STAFF EDITORIAL: Advising shouldn’t be a dreaded task

Editorial Cartoon 11.9

Herald Staff

THE ISSUE: Often, a lack of effective communication between students and academic advisers leads to confusion in class registration.

OUR STANCE: Students and advisers should both take responsibility for mistakes and work harder to reach one accord.

‘Tis the season. Thanksgiving – when good tidings and the spirit of giving loom, so does the arrival of class registration and advising.

For the next few days, advisers will have appointment charts hanging on their doors and students will struggle to wake up at 5 a.m. to grab the last spot in a class.

But the class registration process doesn’t always run smoothly. With graduation on the hinges, many upperclassmen blame poor academic advising for the news that they may not walk, while some advisers blame the students. But whether a student has too many unneeded credits or not enough credits, there are ways both parties can improve.

Students, be proactive. Take the lead in finding what you need to track your progress, and don’t expect your adviser to do all the work. Register in a timely manner, and use the services available to you, such as the course catalog, graduation planning sheets offered through your major department and the Interactive Curriculum and Academic Progress (iCAP) program.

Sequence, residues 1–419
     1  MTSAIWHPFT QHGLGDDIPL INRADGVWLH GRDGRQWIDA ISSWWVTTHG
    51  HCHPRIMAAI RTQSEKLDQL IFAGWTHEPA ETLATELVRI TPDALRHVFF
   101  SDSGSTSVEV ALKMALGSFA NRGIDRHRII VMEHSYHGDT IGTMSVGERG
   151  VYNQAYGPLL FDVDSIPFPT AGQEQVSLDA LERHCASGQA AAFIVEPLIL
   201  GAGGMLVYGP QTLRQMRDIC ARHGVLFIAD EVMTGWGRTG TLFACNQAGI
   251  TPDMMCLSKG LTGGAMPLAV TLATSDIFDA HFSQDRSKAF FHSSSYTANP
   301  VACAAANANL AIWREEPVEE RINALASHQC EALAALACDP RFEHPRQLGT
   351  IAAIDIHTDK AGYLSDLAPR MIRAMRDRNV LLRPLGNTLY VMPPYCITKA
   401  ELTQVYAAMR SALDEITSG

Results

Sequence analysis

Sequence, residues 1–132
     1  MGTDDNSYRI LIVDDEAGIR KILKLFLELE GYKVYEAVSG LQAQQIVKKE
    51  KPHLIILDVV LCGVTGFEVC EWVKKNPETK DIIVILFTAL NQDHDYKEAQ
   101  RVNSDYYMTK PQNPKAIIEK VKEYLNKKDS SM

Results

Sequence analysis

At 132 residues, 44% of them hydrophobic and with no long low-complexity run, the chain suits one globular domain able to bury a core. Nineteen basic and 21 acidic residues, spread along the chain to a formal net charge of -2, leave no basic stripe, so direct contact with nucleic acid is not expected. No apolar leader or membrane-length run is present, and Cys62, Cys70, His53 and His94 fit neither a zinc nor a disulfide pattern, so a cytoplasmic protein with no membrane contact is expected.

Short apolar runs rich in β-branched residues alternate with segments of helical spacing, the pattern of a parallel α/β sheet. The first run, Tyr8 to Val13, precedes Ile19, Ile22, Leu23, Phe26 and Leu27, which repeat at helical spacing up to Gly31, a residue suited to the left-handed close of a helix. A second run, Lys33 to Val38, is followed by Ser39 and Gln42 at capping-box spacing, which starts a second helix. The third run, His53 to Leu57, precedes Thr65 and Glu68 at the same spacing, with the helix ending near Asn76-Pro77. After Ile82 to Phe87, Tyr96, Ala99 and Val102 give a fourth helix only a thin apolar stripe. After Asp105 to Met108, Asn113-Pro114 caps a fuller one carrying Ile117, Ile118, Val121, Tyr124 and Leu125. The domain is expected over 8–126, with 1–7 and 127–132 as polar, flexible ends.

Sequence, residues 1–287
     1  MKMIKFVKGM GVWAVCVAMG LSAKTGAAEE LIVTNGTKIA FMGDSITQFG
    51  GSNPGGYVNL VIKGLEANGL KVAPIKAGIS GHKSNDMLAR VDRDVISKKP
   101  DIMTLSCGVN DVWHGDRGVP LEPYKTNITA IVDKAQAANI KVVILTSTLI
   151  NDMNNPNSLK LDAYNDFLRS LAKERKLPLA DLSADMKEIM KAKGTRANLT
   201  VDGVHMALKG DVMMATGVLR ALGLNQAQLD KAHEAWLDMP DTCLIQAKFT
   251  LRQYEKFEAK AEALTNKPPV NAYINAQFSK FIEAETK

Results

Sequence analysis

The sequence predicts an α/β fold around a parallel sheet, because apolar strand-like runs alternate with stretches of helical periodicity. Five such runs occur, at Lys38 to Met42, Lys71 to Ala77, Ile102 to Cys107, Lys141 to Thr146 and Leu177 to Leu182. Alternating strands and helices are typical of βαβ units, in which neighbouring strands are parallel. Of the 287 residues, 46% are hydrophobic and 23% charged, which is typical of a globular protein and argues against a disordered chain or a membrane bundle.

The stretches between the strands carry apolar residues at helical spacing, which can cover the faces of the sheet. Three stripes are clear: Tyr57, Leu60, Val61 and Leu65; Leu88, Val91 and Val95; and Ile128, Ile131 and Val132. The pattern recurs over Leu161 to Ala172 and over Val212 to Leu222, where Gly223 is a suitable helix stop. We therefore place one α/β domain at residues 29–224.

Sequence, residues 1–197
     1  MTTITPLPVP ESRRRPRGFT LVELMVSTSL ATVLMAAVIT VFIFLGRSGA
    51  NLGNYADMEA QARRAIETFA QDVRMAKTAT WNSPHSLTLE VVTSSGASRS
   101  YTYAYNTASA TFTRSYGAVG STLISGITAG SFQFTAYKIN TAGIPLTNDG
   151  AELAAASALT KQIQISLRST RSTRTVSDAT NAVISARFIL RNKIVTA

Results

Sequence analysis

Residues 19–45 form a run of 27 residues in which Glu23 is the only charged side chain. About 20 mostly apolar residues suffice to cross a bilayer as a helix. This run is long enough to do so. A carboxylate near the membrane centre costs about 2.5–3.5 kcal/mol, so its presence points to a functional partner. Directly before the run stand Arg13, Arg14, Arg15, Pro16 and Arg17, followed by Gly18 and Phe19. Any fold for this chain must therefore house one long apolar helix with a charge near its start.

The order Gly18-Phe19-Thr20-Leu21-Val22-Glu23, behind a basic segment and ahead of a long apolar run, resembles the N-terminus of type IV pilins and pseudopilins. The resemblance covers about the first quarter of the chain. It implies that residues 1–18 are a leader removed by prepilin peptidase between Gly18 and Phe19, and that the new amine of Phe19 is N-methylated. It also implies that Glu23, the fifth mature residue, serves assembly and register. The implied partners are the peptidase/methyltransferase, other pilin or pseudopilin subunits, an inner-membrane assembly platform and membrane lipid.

Available on TopNet, iCAP is an audit system that allows you to view all requirements needed for your major and minor, courses you’ve completed and courses you still need to take.

Frieda Eggleton, WKU registrar of 24 years, said iCAP was established four years ago to eliminate the tedious process of keeping up with coursework and to ensure that students have easy access to their full academic progress reports.

She recommends submitting an iCAP audit at least twice a semester.

The Herald suggests that advisers explain iCAP to their students during their initial advising sessions and offer to spend a few minutes reviewing it with them. From there, it is fair to pass more of the responsibility to the student.

And though college is about gaining knowledge to become well-rounded, advisers should avoid recommending courses that students don’t need if there is no space for them. Trimming your schedule to only what you need can save money and time during the semester.

Advisers should have an open-door policy for their students, as questions may come up at anytime. And though we understand advisers sometimes have hundreds of advisees, students should be welcomed, not rushed; no one wants to feel like a number.

In addition to advisers, there are iCAP tutorials and help sections available on, and any questions about it can be directed to Eggleton.

The path to graduation isn’t always easy. And there are far too many obstacles students already face – parenthood, finances, full-time jobs – so registration and advising shouldn’t be one of them.

Students, if you have questions about your progress, ask. Advisers, if students need your help, help them willingly and thoroughly. You’re working toward the same goal, so it only seems right that you work together to turn dreaded advising sessions into productive steps toward reaching that goal: graduation.

This editorial represents the majority opinion of the Herald’s 10-member editorial board.